US Soccer offers certifications that start with a basic "F" license (online training) all the way up to an "A" license, which would years to earn. While this can be an excellent proxy and is experience that coaches rightfully tout, they are not the only indication of someone's soccer knowledge.
Not all "C" license coaches are created equal for example, and you don't necessarily need extensive playing experience to move up the certification scale. Likewise, you may have an exceptional coach that simply has no desire to pursue formal certification for whatever reason. That's why the following factors are also very important to keep in mind.
"Those who can, do; those who can't, teach."
Okay, so that's not entirely fair. Just as a coach could theoretically earn a "B" license without ever playing a minute of soccer, there are plenty of professional soccer players who would be terrible instructors. That said, it's probably better to lean towards someone with extensive playing experience if you want your kid to get proper technical instruction.
"I hear and I forget. I see and I remember. I do and I understand."
You'd ideally have a coach who has mastered the most basic fundamentals as well as advanced individual and team concepts. Not only will they ensure your child "hears" the right things, but they can demonstrate to help you child "see" the right mechanics. Finally, a coach with playing experience can help your child "do" a given activity the right way.
Not everyone can play Premier League or World Cup soccer. However, a coach with college or high school varsity playing experience is great. Competing in state and regional championships at the club level or participating in the Olympic Development Program (ODP) during their youth playing days is also a good indicator of a successful playing career.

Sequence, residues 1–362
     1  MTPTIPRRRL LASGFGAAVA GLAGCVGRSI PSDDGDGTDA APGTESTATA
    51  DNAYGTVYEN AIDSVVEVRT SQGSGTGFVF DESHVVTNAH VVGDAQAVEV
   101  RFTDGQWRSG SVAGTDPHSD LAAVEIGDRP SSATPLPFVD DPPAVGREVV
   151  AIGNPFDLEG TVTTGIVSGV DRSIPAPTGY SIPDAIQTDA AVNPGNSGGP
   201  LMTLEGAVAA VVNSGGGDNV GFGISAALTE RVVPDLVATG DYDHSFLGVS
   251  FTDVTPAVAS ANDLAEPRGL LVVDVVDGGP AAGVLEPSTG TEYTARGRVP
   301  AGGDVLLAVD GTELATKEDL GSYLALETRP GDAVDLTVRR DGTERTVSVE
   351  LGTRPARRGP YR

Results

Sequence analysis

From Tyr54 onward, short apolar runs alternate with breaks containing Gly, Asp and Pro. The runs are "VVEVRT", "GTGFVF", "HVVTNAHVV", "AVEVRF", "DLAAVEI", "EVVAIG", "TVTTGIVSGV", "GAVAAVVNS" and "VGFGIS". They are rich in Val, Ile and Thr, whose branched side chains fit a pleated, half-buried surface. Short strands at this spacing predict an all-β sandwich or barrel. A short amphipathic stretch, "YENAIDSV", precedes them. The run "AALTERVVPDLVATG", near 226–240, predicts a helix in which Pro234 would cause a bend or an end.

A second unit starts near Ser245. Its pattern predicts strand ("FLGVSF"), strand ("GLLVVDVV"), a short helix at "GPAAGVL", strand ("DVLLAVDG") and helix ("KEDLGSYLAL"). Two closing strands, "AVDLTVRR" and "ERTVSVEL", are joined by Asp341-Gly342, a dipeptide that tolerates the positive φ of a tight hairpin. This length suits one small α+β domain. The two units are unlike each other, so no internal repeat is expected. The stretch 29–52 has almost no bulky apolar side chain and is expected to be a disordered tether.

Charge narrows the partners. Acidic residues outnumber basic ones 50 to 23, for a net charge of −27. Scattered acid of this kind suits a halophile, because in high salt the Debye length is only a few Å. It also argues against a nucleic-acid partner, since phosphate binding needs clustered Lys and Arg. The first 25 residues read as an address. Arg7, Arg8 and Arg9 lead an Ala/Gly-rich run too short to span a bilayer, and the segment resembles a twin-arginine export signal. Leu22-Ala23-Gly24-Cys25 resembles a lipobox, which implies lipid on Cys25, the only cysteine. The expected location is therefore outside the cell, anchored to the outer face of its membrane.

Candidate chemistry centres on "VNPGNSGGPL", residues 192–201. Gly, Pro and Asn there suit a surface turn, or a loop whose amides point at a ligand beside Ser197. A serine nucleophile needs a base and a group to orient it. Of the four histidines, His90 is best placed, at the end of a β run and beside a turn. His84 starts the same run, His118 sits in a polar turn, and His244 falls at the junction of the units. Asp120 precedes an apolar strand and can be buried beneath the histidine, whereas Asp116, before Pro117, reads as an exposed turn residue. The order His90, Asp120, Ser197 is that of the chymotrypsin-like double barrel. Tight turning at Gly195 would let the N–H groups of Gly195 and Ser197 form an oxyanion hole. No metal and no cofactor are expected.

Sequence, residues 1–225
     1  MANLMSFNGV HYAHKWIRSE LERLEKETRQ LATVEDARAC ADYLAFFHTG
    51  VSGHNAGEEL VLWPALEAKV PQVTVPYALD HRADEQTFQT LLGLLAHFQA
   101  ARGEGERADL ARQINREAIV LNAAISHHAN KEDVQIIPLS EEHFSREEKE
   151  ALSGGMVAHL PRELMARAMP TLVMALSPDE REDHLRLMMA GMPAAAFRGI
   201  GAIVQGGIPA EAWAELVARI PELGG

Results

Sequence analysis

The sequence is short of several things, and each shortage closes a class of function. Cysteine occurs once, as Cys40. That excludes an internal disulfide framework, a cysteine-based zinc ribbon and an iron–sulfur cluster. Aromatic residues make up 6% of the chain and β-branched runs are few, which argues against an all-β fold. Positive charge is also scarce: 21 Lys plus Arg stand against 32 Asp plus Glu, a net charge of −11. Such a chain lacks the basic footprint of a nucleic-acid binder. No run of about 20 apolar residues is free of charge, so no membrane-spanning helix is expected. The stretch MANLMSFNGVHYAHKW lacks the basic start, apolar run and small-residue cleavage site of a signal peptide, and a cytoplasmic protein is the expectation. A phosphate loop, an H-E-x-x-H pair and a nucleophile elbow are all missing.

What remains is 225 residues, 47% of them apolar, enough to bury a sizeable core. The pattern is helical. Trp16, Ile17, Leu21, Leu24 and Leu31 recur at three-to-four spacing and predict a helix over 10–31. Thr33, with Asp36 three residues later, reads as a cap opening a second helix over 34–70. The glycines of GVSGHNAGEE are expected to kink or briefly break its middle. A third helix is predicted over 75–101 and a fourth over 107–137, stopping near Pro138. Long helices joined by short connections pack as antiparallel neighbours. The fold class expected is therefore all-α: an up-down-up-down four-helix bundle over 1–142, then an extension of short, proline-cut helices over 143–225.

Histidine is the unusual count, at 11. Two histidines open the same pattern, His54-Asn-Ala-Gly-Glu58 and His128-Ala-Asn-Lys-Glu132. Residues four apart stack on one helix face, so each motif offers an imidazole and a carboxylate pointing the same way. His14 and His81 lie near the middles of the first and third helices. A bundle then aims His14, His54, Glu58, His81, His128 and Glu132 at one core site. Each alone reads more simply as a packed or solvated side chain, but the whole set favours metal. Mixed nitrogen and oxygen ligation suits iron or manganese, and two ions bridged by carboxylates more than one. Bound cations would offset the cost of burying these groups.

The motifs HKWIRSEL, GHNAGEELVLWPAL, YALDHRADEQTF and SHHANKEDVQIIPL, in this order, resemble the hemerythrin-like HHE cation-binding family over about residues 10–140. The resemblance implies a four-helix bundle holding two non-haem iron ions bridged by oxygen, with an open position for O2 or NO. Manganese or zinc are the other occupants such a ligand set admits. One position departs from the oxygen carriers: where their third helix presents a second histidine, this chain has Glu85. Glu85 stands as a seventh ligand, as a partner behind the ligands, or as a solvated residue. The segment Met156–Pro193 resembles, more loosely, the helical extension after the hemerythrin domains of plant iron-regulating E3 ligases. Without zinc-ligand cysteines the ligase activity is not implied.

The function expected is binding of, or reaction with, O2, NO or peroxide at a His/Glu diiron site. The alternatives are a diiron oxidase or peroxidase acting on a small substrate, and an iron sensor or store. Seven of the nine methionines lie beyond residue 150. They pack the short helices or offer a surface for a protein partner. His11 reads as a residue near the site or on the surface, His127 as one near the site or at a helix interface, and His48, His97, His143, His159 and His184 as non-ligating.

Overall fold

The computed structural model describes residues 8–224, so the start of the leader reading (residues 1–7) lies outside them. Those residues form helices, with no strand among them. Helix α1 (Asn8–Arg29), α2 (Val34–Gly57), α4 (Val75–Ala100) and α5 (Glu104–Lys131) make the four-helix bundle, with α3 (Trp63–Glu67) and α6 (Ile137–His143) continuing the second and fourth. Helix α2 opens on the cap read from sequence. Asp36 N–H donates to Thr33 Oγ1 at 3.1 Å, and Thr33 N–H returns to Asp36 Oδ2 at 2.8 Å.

Of course, having a coach that is physically fit, modeling healthy behaviors, and still capable of playing alongside the kids during practice sessions also fosters a fun environment.
A fancy license, tons of playing experience, and strong instructional skills don't mean jack if a coach isn't good with kids. This is arguably the single most important factor when considering someone that is responsible for leading 10-18+ young men and women. Perhaps even more so at the younger ages, but obviously still important for the older age groups too.
I don't pretend to be a child development expert, but kids obviously have different needs at different stages. The social dynamics are also going to be very different between boys and girls teams. You may also have a team that requires more praise and positive reinforcement than a team in need of more discipline and constructive feedback. At that's just at the team-wide level.
Ideally you'd find a coach that is not only an expert at balancing these unique team dynamics, but someone with strong "individualization" skills. The coaching style that will bring out the best in your child is likely very different than the style that brings out the best in a teammate. The best coaches are those who are able to be 10-18 different coaches for the 10-18 different personalities on their team.
A lot of established clubs in the North Austin, Pflugerville and Round Rock areas take pride in the high school or college stars their programs have produced (and rightfully so). Parents understandably expect to see technical growth when you are shelling out that kind of money for an advanced soccer environment. Even if your child isn't the next Messi or Mia Hamm, one of the most enjoyable and rewarding parts of the game should be mastering new challenges and becoming proficient at the craft. It's the same as learning an instrument or a second language.
That being said, team sports provide a much larger platform for the development of young leaders through valuable life lessons. It's important to find a coach that can do more than teach players to win and lose gracefully (thought that's a great start). Working through differences with teammates, fostering collaboration and creative thinking, responding to adversity, emerging as a role model for peers, and seeking success through hard work are all lessons you hear athletes credit to team sports.